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  Taking cues from infection control experiences of PIH and the World Health Organization, they employed creative architectural strategies to combat airborne diseases.  Their first move was to transform all hallways into exterior circulation and redistribute the hospital program onto three adjacent hilltops.  Photo by: Ebbe Strathairn
    Taking cues from infection control experiences of PIH and the World Health Organization, they employed creative architectural strategies to combat airborne diseases.  Their first move was to transform all hallways into exterior circulation and redistribute the hospital program onto three adjacent hilltops.

    Photo by: Ebbe Strathairn

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  The hospital also introduces natural cross-ventilation through clerestories, secluded patient wards around courtyards, rainwater collection for irrigation, and an effective spatial triage system (separating patients based on their condition).  Construction began in the fall of 2008, using many local materials -- especially volcanic rock from the nearby Virunga Mountains that are quarried, sized, and shaped by hand by masons.  Photo by: Ebbe Strathairn
    The hospital also introduces natural cross-ventilation through clerestories, secluded patient wards around courtyards, rainwater collection for irrigation, and an effective spatial triage system (separating patients based on their condition).  Construction began in the fall of 2008, using many local materials -- especially volcanic rock from the nearby Virunga Mountains that are quarried, sized, and shaped by hand by masons.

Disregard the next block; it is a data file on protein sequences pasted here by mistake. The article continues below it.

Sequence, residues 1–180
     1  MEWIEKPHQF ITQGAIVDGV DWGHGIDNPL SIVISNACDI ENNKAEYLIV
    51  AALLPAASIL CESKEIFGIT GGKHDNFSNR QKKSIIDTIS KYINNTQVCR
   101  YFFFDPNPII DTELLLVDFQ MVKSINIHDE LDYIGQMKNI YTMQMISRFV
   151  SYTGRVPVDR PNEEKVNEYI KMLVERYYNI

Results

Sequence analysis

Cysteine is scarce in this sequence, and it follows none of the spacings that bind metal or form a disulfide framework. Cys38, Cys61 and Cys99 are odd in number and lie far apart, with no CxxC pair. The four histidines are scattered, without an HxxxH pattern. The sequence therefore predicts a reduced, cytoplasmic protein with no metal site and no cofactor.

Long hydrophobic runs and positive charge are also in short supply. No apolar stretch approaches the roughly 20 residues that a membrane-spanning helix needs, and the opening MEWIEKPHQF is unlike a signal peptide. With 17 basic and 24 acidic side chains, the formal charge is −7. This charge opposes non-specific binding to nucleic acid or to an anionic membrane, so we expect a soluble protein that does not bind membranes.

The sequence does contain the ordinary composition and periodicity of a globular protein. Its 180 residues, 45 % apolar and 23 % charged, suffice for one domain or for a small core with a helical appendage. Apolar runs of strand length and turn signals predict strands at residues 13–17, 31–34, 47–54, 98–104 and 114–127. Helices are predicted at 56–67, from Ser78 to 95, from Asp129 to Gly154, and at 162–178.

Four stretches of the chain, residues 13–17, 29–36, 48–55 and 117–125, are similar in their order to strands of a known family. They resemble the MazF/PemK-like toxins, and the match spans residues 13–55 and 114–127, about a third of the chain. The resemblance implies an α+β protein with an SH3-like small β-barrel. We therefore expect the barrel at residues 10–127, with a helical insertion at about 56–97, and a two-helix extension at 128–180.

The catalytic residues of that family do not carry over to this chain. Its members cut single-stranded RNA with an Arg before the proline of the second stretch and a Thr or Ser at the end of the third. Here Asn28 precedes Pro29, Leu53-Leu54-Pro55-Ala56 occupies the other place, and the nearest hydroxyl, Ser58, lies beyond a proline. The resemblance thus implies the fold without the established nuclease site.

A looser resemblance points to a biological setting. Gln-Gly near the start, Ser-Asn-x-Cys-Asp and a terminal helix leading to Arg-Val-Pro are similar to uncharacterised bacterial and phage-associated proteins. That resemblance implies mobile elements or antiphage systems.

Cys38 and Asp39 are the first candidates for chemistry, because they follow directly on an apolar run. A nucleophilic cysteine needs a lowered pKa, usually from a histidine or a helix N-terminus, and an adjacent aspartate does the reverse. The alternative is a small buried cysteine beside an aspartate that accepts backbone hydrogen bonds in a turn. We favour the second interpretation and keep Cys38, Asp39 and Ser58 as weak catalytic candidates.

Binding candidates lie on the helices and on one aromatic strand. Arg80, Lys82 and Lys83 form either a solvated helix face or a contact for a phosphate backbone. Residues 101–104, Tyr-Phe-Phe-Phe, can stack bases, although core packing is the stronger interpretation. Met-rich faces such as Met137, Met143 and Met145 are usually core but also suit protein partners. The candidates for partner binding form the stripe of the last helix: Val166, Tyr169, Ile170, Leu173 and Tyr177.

Photo by: Ebbe Strathairn

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  Here, the workers (there are a total of 200, all local) are laying the foundation for the covered outdoor veranda.

According to Ebbe Strathairn, a designer who recently moved to Rwanda in the summer of 2009, "Multiple times our on-site guy has been asked by the laborers who this hospital is for. They think it is too nice to be for them."  Photo by: Ebbe Strathairn
    Here, the workers (there are a total of 200, all local) are laying the foundation for the covered outdoor veranda. According to Ebbe Strathairn, a designer who recently moved to Rwanda in the summer of 2009, "Multiple times our on-site guy has been asked by the laborers who this hospital is for. They think it is too nice to be for them."